Robidas excelling at both ends of the ice
“He does everything for us”
Sunday, 11.14.2010 / 2:22 AM / News
By John Tranchina
If there’s one player who typifies the style of play the Dallas Stars would like to be known for, it is Stephane Robidas.
The 33-year-old blueliner embodies the perfect blend of skating ability, skill, grit, character, leadership and more grit, and he has been outstanding once again through the first six weeks of the 2010-11 season.
|Robidas Video Highlights|
Through his first 14 games, Robidas has contributed two goals and eight points, both of which lead Stars blueliners, while logging a team-high 23:02 of ice time per game. And even after suffering a -3 hit (one of which was an empty net goal against) during the club’s back-to-back losses in Los Angeles and Anaheim Thursday and Friday, Robidas still sported a strong +7 plus/minus rating that ranked him fourth on the squad and among the NHL’s top 25, one week after he topped the entire league.
The scrappy 5-foot-11, 190-pound native of Sherbrooke, Quebec also routinely gets involved in the physical aspect of the game, dishing out a team-leading 269 hits last season, good for fourth in the league, while chipping in with 25 so far this year.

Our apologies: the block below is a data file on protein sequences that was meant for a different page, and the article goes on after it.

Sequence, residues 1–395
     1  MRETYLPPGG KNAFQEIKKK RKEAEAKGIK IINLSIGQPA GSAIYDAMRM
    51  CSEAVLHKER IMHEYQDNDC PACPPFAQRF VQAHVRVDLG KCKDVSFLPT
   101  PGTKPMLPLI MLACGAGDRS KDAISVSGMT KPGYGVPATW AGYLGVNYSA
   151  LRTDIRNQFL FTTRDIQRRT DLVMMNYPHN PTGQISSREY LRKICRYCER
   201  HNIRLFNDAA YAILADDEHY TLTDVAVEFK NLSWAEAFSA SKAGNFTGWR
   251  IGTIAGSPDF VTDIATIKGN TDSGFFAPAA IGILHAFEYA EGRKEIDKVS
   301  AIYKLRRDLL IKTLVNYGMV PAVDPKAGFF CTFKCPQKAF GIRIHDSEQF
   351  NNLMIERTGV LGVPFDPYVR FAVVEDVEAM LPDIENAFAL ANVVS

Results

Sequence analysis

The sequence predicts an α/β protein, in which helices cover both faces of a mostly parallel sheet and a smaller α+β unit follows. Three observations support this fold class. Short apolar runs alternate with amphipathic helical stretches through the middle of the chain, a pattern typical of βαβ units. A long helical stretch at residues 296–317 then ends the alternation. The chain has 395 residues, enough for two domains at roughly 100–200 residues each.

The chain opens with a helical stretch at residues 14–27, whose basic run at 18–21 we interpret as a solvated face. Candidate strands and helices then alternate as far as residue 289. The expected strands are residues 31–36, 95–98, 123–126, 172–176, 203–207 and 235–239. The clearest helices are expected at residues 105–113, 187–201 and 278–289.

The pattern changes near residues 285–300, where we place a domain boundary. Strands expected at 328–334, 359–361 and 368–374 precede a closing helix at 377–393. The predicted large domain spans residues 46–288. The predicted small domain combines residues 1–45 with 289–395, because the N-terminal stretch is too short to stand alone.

“He’s doing it all,” said Dallas goaltender Kari Lehtonen. “Everybody always talks about how he’s underrated and people don’t know about him, but everybody in this room respects him so much and look up to him. When we have a hard time, we look at what he’s up to and it’s usually good stuff and he kind of shows us the way. The way he plays on the ice, it’s great for me. He does all the right things and he helps me out a lot.”
“He does everything for us,” added Stars coach Marc Crawford. “Stephane is competitive, he skates well, he’s got such compact strength. He’s as strong a guy as there is, pound-for-pound, in the league and he’s able to fend off much bigger opponents. His skating ability and his thinking ability and his competitiveness all put him at a premier level.”
Typically, the humble Robidas deflects any praise he receives to his teammates and downplays the validity of the statistics.
“When you play on a good team with really good players that can score goals and goalies that make good saves, that always helps your plus/minus,” Robidas shrugged. “I don’t think I do anything differently than I did in the past. Sometimes, it’s just different situations, like sometimes you step on the ice and you score a goal or you get on the ice and get scored on. I try not to focus too much on those numbers, I just try to play as best I can. For me, the main thing is to be really solid defensively. That’s my main focus, and trying to help the team win. That’s all I really care about.”
He certainly has stood out defensively, as the plus/minus figure helps demonstrate. For a guy who battles against the opposition’s top forwards every night, the numbers look even more noteworthy.
“That’s pretty impressive,” said Robidas’ usual defense partner, 25-year-old Nicklas Grossman. “We’re out there against the top lines, it’s a big task but at the same time, it’s a big chance to work on your game and I think he’s been at the top in the plus/minus, that’s just proof of him doing a good job. It’s been awesome to play with the guy.”